“Don’t laugh at what you don’t understand.”

Okay, so the words sound a bit harsh, but I promise you that my tone of voice and facial expression clearly communicated warmth, love, and kindness. And yes, I did say this to my students. Because my students needed to hear it.

I have avoided talking about the American election with my Korean high schoolers for most of the past few months. It didn’t seem appropriate or even remotely related to what I was teaching. So I just steered away from the topic.


Things quickly turned political in class today, even though I was only teaching conditional sentences.

But then we began a culture exchange, where they communicate by video with Americans attending high school in the U.S., and one by one my students were shocked to discover that many of these American young people were Trump supporters. Or at least had parents who were voting for Trump.

It shocked them because Trump was quite literally the butt of every joke to them. They openly mocked him and dismissed him as a quack. I don’t think they actually understood that he was a real person with real people behind him. They disliked him because of the threats he made to Korea, but they never took him seriously. Nobody that I have spoken to in Korea took him seriously. Adults included.

So I dedicated an entire class period to talk about it with my students on Monday, the day before the election. At the time, I never imagined that Trump would actually win and that this might be a beneficial experience for them to remember over the next four years. I just wanted to help them get along with their new American friends.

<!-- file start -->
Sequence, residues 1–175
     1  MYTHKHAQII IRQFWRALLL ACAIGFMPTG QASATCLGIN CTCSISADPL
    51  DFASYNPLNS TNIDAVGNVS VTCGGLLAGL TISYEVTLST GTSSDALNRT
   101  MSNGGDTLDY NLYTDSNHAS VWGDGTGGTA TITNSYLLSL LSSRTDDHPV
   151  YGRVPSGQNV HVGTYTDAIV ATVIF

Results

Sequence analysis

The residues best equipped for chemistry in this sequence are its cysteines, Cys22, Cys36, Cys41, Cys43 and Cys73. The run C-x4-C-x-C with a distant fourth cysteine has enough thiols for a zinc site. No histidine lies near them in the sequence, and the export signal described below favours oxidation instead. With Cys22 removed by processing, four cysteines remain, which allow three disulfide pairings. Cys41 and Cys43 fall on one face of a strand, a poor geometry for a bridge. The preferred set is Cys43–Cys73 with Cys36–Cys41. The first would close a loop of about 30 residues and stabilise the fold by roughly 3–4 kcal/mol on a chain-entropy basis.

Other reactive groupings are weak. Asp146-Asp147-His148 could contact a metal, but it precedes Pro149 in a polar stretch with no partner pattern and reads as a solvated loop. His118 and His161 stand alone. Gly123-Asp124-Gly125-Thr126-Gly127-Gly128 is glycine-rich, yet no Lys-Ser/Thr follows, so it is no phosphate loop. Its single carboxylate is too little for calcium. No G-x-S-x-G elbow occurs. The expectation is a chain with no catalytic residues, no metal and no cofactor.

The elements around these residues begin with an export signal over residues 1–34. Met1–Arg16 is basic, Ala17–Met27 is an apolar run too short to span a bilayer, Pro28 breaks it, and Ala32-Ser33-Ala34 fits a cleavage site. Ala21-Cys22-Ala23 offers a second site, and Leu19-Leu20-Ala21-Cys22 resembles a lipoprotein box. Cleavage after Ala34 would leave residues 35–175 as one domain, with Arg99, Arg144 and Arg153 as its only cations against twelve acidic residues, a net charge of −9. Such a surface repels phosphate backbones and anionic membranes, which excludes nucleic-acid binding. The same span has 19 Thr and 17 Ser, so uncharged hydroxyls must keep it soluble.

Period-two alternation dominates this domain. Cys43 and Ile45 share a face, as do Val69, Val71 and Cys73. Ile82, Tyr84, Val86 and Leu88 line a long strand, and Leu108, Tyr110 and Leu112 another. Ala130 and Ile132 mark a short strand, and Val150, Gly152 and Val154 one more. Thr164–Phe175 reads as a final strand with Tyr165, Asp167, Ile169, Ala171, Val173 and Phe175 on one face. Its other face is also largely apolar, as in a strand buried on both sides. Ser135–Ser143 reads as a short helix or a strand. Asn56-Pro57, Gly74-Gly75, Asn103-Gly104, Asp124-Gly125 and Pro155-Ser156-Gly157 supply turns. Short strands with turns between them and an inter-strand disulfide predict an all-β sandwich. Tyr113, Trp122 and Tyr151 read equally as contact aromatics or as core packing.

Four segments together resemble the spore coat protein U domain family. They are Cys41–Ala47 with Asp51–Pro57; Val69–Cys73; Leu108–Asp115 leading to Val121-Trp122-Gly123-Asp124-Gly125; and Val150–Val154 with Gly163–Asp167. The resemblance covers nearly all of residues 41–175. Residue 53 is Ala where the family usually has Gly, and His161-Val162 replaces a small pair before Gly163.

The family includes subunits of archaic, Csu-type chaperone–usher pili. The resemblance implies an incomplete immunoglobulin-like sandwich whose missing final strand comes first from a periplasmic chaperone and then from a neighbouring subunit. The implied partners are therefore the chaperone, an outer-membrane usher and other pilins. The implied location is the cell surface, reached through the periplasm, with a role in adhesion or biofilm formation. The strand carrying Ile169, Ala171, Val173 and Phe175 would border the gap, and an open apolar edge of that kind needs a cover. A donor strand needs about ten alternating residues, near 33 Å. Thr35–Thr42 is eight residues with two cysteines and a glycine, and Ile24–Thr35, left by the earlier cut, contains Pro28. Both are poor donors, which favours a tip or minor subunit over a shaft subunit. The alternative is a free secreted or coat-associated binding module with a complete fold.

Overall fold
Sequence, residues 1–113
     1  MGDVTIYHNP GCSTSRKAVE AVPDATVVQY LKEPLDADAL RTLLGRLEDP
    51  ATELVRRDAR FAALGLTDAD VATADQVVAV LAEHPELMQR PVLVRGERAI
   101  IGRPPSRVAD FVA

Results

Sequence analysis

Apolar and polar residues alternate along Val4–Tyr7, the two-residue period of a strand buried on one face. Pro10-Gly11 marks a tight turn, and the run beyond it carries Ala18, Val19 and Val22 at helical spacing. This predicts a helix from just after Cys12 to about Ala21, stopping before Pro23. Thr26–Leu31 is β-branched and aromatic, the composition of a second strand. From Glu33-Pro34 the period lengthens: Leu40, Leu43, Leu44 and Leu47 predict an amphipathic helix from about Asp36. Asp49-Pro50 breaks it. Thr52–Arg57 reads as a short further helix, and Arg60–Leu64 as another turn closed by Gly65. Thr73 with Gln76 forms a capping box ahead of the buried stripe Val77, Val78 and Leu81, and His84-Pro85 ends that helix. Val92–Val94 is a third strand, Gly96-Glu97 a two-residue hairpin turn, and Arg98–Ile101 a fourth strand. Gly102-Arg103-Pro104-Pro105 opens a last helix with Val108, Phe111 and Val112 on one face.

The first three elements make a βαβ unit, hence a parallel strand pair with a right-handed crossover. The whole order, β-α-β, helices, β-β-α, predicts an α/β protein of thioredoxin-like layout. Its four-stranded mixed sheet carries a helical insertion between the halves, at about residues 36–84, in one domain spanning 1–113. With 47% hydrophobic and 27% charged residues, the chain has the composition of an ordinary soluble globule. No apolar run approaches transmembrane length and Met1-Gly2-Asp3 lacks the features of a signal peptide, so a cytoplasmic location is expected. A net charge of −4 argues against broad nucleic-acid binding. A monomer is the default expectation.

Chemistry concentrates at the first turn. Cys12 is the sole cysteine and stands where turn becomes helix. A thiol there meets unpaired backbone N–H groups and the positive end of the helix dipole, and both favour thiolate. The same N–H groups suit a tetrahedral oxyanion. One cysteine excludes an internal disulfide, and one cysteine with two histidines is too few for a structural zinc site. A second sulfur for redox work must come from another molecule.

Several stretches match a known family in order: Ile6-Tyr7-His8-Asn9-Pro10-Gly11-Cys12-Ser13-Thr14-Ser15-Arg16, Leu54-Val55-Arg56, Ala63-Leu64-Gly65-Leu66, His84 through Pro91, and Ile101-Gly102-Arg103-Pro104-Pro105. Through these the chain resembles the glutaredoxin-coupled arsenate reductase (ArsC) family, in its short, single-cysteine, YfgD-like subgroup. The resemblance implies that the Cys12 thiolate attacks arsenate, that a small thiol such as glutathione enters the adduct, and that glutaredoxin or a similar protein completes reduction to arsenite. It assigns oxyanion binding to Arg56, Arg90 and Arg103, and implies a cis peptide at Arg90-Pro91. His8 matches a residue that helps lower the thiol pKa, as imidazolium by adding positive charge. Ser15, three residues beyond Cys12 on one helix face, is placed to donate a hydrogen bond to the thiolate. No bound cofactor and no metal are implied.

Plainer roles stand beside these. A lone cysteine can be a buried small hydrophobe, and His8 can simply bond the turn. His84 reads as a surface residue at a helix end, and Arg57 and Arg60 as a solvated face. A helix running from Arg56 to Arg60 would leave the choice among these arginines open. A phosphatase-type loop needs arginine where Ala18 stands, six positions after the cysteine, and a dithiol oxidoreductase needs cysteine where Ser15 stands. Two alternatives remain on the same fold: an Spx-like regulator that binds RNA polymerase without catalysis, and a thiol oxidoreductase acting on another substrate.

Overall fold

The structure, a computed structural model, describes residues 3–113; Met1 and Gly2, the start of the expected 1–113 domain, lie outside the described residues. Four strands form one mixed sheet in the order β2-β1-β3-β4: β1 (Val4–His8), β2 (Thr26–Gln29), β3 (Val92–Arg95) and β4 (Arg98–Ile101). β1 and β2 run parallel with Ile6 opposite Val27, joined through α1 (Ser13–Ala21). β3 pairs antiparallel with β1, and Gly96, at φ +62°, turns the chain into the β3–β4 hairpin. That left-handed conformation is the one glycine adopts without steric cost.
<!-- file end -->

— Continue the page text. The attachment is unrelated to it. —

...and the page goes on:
“You might disagree with Trump voters,” I said, “But don’t laugh. Understand, instead.”

I’m fairly certain at least some of my students thought I was a Trump supporter by the end of that class. I had them watch and read the transcript of this video, write down two to three genuine questions they had about this new information, and then engage in small group discussions with their peers. We talked about the shrinking middle class and the overburdened working class, the outsourcing of labor, and the growing number of people that work two to three jobs just to survive. We talked about ethnic tension and changing demographics. About the rich and powerful and their distance from everyday Americans.

“These are real problems in America right now,” I said. “And Trump? He’s the only one saying he will fix it.”

For many of my students, something seemed to click when I said that. To my dismay, some of them declared they sided with Trump! Others felt that something ought to be done, but not the way Trump would do it.

In the end, we took the ISideWith quiz online as a class, which settled for most of them that they would all vote third party. A simple solution. But then again…most Americans have rejected the idea.

Most of my students left class that day with a newfound appreciation for the complexity of political opinion, even though most of them remain staunchly opposed to Trump (as evidence: the picture above, taken during class today). But at least they don’t laugh about it anymore.

You can’t laugh when you understand. You can only nod your head in thoughtful silence.


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